If I were a pastor in this internet day and age, in which it’s common knowledge that restaurants automatically add a tip to large parties, and I wrote such a message on a receipt and then made it a point to add “Pastor” before my name, I’d not only expect to see it online, I’d expect someone in my congregation to call me on it. And I’d deserve to be called on it, “privacy” or not.

I’ve heard servers talk about the Sunday afternoon post-church shift. A lot of them hate it, because, sadly, it’s the church crowd who, after just leaving a worship service, can be not only the “most demanding” but the “least grateful” of diners. Surely we Christians can do better than that.

As Christians, we shouldn’t be expected to be perfect: we all make mistakes. Becoming a Christian — whether you become a pastor or not — does not magically make one perfect. Never has, never will. But a Christian is supposed to be better able to handle those mistakes, learn from them, and extend grace to others when they make mistakes. Especially when it’s our stumble that causes someone else to stumble as well.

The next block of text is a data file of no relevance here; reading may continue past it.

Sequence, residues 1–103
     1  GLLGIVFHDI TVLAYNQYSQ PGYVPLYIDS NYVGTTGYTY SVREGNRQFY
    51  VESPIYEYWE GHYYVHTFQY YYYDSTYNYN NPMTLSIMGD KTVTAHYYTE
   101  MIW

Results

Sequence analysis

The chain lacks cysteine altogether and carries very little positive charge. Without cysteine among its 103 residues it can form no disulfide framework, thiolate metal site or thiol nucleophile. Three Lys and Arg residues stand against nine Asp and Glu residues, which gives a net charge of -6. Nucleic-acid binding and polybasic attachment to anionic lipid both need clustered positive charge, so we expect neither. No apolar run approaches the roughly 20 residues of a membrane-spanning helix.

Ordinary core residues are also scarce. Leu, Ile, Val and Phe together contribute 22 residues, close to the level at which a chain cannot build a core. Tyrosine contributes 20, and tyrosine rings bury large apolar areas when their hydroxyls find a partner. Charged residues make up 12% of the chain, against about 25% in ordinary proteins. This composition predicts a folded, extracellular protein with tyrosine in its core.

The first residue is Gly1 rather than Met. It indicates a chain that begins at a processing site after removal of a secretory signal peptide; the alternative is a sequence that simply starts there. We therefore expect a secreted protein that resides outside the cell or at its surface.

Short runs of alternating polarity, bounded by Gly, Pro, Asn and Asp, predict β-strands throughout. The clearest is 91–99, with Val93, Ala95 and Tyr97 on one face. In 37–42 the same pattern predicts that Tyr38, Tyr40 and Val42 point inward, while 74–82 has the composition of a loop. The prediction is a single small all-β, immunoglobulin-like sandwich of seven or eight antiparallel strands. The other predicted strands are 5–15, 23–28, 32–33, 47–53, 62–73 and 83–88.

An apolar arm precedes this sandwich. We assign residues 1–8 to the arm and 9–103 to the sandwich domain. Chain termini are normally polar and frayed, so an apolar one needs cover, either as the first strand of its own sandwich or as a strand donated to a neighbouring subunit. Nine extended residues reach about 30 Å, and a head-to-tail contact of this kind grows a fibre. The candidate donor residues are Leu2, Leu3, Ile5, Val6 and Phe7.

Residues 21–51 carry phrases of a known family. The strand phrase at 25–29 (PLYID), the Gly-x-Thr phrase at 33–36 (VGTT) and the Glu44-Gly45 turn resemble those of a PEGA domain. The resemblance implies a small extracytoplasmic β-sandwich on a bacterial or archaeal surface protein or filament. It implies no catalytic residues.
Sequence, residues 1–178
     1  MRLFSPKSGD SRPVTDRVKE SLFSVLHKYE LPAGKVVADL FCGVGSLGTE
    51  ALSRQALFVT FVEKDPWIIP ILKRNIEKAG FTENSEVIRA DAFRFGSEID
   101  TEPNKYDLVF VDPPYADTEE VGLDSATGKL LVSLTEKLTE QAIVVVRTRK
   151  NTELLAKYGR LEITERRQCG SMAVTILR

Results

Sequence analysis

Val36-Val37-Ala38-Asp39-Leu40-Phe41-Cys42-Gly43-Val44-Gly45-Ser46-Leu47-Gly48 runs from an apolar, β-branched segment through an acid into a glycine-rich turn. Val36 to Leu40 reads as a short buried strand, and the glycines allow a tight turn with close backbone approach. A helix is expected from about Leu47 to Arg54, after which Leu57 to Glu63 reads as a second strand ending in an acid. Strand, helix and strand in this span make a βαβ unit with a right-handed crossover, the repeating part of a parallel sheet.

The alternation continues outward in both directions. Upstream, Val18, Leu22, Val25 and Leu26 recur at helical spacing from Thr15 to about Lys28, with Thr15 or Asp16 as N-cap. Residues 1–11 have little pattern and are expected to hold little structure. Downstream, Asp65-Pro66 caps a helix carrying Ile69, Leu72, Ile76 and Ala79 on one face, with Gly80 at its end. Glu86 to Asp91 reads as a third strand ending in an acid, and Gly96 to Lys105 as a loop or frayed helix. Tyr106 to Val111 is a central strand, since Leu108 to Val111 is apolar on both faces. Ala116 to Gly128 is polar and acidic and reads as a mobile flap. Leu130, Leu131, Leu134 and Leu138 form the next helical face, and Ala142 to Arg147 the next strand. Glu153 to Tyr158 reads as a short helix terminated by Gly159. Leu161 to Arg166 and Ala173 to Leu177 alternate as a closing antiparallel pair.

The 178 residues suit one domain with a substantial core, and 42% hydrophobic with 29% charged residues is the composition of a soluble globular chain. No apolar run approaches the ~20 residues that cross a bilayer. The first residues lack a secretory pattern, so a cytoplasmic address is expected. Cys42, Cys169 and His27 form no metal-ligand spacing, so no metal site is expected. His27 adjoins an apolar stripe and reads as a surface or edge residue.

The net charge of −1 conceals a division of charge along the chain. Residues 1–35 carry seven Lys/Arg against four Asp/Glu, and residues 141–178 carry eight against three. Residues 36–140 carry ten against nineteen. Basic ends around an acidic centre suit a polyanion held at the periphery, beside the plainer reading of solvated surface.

1. I thought she got fired for simply including G*d in something she posted, but instead she foolishly disparaged a customer and indirectly her employer – NOT a fire-able offense IMO at all, but not a smart move either. THIS is where our ability to speak out INSTANTLY can bite us right back…

  2. Poor judgement for the Pastor.. I agree. But something like that shouldn’t be posted online. I can understand the restaurant for firing the employee. With social media, people have to learn boundaries, and I think when you are posting a signature of someone… or something that might have private information (credit card info .. even if just the last 4 digits) .. there have to be hard boundaries set.